46We would like to agree with Dynel, but we can perhaps go one step further: does the comparison with garden path sentences truly apply even for some jokes that seem to fall under this category? In The horse raced…, no first, “full”, meaning is ever achieved, or, at any rate, the “first” meaning hasto be abandoned—some examples of garden path sentences discussed in Bever (1970) are in fact difficult to interpret, and the paper is a reflection on what makes something interpretable. Dynel (2012) often uses the term “cancel” to refer to what happens to the “first” interpretation. In our examples, the “first” meaning may not, in fact, be cancelled, and it often is not. Even in (1a), the insect-butterfly is supposed to have been won at a swimming competition: in other words, the swimming is part of the content of the situation in which butterfly is intended to mean insect; the cancellation, if it exists, is incomplete. The two contexts are, in fact, merged, instead of having one interpretation cancelled and another one replacing / erasing it. In many cases, interpretations (i.e., here, the result of the interpretation, so to speak: how they are probably understood) are not cancelled at all: a given form is made to have several meanings at once, or sequentially. This is the case of examples (1b, c, d, …):


b. The judge has got a stutter, so it doesn’t look like I’m getting a sentence.

c. I told a volcano joke down the pub last night. The whole place erupted.

d. My friend is sick to death of people always taking the piss out of him for having brittle bone disease. One day he’s going to snap.

g. Every time I hear a joke, I throw up. It must be my gag reflex.

h. I’ve reached the age where I can’t function without glasses. Especially if they’re empty.

47several meanings are activated simultaneously (eg. sentence, erupted, snap, gag) rather than one being cancelled by the other. In (1h), the fact that glasses is made to mean drinking glasses does not mean that glasses can no longer be thought of as being spectacles as well; but a meaning that was not, for lack of a better word, salient, is now made to be available.15 In the two (fish/army) tank one-liners, even if the “second” interpretation is made available, the situation in which the reference to them is inserted is still associated to the “first” meaning of the word:16


k. Two soldiers are in a tank. One looks at the other and goes, ‘Blublublub!’

l. There are two fish in a tank. One turns to the other and says, ‘Do you know how to drive this thing?’

48“Blublublub” brings to mind a fish tank, but the “soldiers” are still soldiers in the second half of the one-liner, they have not transformed into fish, or not entirely (this can also be linked to the use of anaphora: “one” and “the other” are still linked to “soldiers”); they “are” also still “in a” tank (this part is not cancelled).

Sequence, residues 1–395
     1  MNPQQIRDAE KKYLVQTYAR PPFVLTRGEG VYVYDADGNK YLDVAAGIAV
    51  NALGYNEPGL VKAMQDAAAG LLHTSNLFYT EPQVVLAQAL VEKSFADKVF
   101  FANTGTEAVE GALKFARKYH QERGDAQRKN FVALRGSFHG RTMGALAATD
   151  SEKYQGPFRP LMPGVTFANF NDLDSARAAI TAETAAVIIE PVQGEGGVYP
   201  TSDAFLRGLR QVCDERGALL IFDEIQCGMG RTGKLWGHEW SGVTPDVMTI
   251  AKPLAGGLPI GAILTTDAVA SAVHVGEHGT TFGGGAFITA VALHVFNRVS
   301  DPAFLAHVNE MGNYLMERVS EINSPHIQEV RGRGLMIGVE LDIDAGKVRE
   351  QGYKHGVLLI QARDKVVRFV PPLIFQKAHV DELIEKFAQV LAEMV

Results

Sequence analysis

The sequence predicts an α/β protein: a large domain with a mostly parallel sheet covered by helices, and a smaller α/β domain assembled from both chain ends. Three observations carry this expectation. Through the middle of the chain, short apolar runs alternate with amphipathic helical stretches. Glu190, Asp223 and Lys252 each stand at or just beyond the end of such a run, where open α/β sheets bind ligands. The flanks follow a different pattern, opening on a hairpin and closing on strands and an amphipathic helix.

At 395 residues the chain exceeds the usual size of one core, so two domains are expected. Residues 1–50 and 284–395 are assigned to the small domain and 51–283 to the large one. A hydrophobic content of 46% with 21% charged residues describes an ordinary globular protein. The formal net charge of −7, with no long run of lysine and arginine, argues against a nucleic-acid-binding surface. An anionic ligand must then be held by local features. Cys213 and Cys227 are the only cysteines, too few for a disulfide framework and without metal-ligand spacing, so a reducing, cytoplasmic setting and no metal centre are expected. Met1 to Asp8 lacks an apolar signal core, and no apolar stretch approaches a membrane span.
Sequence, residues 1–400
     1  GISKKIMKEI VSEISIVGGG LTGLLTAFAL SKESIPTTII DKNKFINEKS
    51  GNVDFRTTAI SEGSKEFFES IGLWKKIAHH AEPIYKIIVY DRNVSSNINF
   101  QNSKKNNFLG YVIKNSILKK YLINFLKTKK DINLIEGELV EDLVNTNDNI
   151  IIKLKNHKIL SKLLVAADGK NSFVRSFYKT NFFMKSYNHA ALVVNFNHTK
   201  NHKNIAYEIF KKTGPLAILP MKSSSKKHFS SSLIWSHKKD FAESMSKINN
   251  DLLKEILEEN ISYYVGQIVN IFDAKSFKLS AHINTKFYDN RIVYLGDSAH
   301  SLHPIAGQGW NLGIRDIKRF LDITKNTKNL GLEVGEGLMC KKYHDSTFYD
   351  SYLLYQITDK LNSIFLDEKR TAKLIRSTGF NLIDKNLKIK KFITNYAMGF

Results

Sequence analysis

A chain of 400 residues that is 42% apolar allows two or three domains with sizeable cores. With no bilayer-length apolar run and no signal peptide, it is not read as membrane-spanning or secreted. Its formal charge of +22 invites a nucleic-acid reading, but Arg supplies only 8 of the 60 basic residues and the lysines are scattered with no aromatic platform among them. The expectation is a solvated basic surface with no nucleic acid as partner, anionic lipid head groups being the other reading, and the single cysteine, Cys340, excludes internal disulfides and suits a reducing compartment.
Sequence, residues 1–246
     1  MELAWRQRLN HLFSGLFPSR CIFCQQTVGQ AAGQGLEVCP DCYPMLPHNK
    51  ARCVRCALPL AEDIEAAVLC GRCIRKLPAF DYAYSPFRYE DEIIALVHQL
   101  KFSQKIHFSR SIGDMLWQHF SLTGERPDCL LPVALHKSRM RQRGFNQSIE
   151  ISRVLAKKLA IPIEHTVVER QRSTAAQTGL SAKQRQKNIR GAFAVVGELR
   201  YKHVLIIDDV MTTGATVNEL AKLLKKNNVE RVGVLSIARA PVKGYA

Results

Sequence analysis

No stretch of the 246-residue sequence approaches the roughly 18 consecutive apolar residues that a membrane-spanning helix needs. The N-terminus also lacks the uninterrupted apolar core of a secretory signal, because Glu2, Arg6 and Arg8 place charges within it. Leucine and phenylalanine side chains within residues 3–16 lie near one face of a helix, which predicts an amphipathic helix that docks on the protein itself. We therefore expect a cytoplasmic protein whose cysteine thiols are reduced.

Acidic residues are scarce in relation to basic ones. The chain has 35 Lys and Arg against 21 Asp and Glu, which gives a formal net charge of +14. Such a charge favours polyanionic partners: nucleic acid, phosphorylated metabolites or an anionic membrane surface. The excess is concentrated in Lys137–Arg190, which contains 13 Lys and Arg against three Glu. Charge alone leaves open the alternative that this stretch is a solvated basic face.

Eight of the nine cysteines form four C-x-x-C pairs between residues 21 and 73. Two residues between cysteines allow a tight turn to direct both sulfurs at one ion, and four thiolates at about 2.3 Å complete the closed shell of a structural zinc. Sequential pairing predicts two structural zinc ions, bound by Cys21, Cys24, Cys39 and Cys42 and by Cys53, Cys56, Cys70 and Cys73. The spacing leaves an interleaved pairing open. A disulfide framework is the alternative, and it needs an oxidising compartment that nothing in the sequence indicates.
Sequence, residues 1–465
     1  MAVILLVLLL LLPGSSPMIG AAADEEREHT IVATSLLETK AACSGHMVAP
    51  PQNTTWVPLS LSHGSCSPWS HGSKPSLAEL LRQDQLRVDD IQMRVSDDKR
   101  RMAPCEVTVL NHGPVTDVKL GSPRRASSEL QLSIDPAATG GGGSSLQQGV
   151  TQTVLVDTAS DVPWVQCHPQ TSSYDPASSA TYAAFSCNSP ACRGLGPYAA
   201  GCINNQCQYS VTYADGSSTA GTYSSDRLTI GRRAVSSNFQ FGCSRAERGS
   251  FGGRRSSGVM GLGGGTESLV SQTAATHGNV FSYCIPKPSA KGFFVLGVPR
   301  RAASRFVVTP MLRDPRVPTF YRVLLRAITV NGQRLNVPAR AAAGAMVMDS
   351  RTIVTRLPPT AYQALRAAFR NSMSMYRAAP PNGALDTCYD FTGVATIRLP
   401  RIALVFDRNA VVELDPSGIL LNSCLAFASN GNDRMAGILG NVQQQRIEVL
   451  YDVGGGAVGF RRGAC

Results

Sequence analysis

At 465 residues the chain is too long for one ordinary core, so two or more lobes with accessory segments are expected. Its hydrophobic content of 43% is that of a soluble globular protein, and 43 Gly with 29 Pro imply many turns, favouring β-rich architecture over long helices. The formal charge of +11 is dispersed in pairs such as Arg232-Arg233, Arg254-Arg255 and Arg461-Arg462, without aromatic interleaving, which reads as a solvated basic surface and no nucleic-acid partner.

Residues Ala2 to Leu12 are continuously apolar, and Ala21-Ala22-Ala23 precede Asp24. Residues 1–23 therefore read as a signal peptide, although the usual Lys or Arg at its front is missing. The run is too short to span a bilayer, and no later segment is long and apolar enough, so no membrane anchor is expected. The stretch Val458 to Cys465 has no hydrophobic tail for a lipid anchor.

49In (1l), the fish have become potential drivers, so they probably are drivers of army tanks, and they speak, but they are still fish; besides, the fact that they are speaking is not directly related to the pun on tank, it is just another dimension that is added to the representation of the fish that are now talking fish, but there is no necessary connection to the use of tank.

50This might lead to the idea that what is sought is not (just) interpretation and reinterpretation, but multiple interpretation, successive or simultaneous, and, even, merged. In other words, part of the pleasure might come from the fact that the meaning is enriched and unstable and multiple, and not, or not necessarily, that there is one, and then another way of understanding it. Even though some interpretations might be made to become salient later in the relatively short process of “getting” a one-liner, in the end interpretations can be, or tend to be merged, i.e. they are not kept separate.

51Another aspect may be mentioned here which is linked to, and may be a consequence of, what has just been said. Dynel (2012) has rightly pointed out that one given mechanism has been thought to be more systematically present than is really the case. But although we agree that the typology of jokes must be enriched and complexified, perhaps focusing on where and/or how the “reveal” takes place17 might not be of the essence if one is supposed to be dealing with multiple interpretations. Maybe this also focuses too much on interpretation as the selection of one clear, pre-defined option (as is sometimes the case in analyses that are based on “multiple”—i.e. discrete—meanings, or tiers).18 The crossroads mechanism is called this way because the hearer is supposed to be metaphorically at a crossroads, i.e. he/she is possibly hesitating between two discrete, separate options. But are they discrete and separate? Where it happens might not necessarily prove central to distinguish whether the mechanism itself is (perhaps partly) the same. Focusing too much on discrete, separate, internally logical worlds may also be something that the “incongruity approach” to humour (used, among others, by Dynel) could be criticized for.19 The fact that something is deemed incongruous is sometimes linked to the idea that it conflicts with “the standards of the real world,” or “conflicting with one’s knowledge of the world” (Dynel 2012). But do we actually have (logically) organized, self-contained areas which we refuse to combine? We may sometimes seek representations of this kind when constructing theoretical models, but doubt whether these models truly correspond to natural representations of the world. All in all, all of this supposes that meanings are discrete, (automatically?) processed, and that the interpretation of a one-liner can be delineated in terms of what it is, ie. it could be “spelt out” entirely. Because worlds may vary from one individual to another, perhaps another question could be be: spelt out for, or by, whom? And yet, one-liners often do seem to be based on interpretations supposedly commonly accessed by several independent speakers. In the next sub-section, we will discuss this possible paradox.